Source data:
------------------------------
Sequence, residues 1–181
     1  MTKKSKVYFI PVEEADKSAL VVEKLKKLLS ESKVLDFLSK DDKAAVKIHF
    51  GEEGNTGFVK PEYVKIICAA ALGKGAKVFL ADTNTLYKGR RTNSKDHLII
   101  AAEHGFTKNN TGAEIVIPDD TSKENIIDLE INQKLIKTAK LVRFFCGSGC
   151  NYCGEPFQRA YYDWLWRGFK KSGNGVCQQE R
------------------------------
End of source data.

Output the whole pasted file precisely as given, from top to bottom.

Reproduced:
Sequence, residues 1–181
     1  MTKKSKVYFI PVEEADKSAL VVEKLKKLLS ESKVLDFLSK DDKAAVKIHF
    51  GEEGNTGFVK PEYVKIICAA ALGKGAKVFL ADTNTLYKGR RTNSKDHLII
   101  AAEHGFTKNN TGAEIVIPDD TSKENIIDLE INQKLIKTAK LVRFFCGSGC
   151  NYCGEPFQRA YYDWLWRGFK KSGNGVCQQE R